Another type of easement is an easement by necessity, which occurs when the only access to another person’s property is by traveling through your property. To prove the existence of an easement by necessity, the person claiming the easement must show a severance of the unity of title that gave rise to the necessity for the easement. If the need for the easement was not present at the time of the severance of the unity of title, an easement by necessity will not be found.

Encroachment – an encroachment is when a building, fence or other fixed object extends beyond a neighboring property and on to the property of an adjoining owner. Sometimes encroachments can be visually obvious, but you may need a survey of the property done to see if your property is encroaching on the neighbor’s property, or vice versa. If there are any encroachments, a court may order the owner who is encroaching to remove or move the encroachment. An encroachment that exists for ten years, however, may give rise to a prescriptive easement or, in some cases, ownership rights through adverse possession, to the land it is on.

Deed Restriction – a deed restriction or restrictive covenant affects the use of land. Deed restrictions are usually imposed by developers of subdivisions or neighborhoods in order to maintain certain standards in the subdivision or neighborhood.

License –a license is a temporary right to use or occupy real property for a specific purpose, such as a ticket to a sporting event, a stay at a hotel, or a visit to a shopping mall. The permission is not permanent and may be withdrawn by the person or entity who gave it.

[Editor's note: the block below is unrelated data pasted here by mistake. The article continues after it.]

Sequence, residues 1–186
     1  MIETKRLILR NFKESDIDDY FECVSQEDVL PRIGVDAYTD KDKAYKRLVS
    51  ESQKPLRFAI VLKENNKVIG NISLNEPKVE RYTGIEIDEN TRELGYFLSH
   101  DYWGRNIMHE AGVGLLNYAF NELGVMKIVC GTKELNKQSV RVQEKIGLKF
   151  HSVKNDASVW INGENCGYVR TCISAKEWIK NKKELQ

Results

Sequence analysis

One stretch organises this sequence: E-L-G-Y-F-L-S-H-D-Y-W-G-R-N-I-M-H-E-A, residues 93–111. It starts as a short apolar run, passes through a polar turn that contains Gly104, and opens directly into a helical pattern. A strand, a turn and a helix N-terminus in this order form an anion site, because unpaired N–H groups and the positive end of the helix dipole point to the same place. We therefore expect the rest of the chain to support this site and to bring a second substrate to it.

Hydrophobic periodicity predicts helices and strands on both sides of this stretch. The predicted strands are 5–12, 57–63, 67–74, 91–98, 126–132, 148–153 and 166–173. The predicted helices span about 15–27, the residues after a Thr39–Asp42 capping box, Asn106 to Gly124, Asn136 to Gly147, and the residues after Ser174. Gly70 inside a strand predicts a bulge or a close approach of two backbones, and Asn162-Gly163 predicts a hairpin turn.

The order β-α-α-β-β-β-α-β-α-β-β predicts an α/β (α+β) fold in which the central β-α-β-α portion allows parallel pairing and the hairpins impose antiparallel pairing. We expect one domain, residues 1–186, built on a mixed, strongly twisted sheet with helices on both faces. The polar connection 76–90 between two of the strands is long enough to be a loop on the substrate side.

Eminent Domain – Pursuant to the 5th Amendment of the Constitution, the government can take your land, or a portion of it, for a public use. This is generally called a “taking” or an appropriation. If the government decides that your private property is needed for a public purpose, you have no choice but to sell it to the government in a “forced sale.”

Eminent domain is probably the greatest legal intrusion the government can make into your property rights. The legal process by which your property is taken is called “condemnation” or “eminent domain.”  However, the government can only take your property if it complies with legal notice requirements and pays you just compensation. The issue of what amount and type of compensation is “just” is often litigated in Court.  Although many people try to stop the taking of their property by arguing that the government does not need your property for public use, or that the compensation offered is not enough, they are usually unsuccessful.  New York has some of the broadest eminent domain laws in the country, and “public use” is widely interpreted. Many people affected by eminent domain hire lawyers to fight for their right to additional compensation.

Legal Editors: Jennifer Polovetsky and Steven Riker, July 2017 

Changes may occur in this area of law. The information provided is brought to you as a public service with the help and assistance of volunteer legal editors, and is intended to help you better understand the law in general. It is not intended to be legal advice regarding your particular problem or to substitute for the advice of a lawyer.